Just 4% in US Demonstrate Financial Literacy

Already scarce, financial literacy in America is declining, with many people unable to understand concepts like inflation or compound interest.

That’s according to a Sunday (Nov. 20) Financial Times report, which cites an investigation by FINRA, the Financial Industry Regulatory Authority. In 2009, the report says, the average person who answered FINRA’s financial literacy survey could answer three out of five questions.

Last year, the number had dropped to 2.6 questions, with only 4% of respondents able to find the correct answer to all five questions.

These numbers have real-life implications as consumers face record inflation, forcing them to stretch their dollars and struggle to rework household budgets.

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Speaking to PYMNTS’ Karen Webster earlier this month, Banyan CMO Andrea Gilman and Copper CEO Eddie Behringer said financial institutions (FIs) and FinTechs could turn item-level data into new opportunities for customer engagement as offers match spend. The same information can help households manage their cash flow more efficiently.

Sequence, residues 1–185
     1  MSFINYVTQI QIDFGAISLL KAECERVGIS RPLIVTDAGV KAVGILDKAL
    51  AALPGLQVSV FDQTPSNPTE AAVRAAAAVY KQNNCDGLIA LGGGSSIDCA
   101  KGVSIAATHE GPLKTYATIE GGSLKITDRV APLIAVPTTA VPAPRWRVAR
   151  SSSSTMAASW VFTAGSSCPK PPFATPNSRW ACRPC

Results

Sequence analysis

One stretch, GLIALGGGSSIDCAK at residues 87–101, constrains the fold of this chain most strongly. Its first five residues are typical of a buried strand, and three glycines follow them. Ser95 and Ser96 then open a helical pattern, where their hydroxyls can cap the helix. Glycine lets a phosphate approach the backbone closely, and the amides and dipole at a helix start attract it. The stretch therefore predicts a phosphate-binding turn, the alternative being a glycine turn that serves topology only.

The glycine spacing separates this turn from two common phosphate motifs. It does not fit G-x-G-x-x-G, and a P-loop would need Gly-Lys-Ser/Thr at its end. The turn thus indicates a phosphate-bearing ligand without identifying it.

This is especially helpful for members of Generation Z, who, along with their parents, see the value of payment tools that can help them manage their spending and develop financial literacy.

“This is really the first generation that has been hyper-tuned to the mistakes of past generations,” Behringer said in an October conversation with Webster that reflected on the spending habits of yesteryear. “[They think] it’s great to be smart with money,” he added.

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FinTechs like Copper, which offers parentally supervised banking services to younger consumers, such as personalized debits, are also “data-ready,” Behringer said, and are looking to use that receipt-level information to guide families toward styles of healthier financial lives. Copper told Webster retailers would also do well to take advantage of item-level information to offer targeted, personalized offers to these younger consumers, whether they’re shopping online or out.

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Teenagers and Generation Z, said Behringer, “vote with their dollars. They have awareness and affinity for the brands they buy from and the products they buy.”

How consumers pay online with stored credentials
Convenience leads some consumers to save their payment credentials with merchants, while security concerns give other customers pause. For “How We Pay Digitally: Stored Credentials Edition,” a collaboration with Amazon Web Services, PYMNTS surveyed 2,102 U.S. consumers to analyze the consumer dilemma and reveal how merchants can beat the holdouts.


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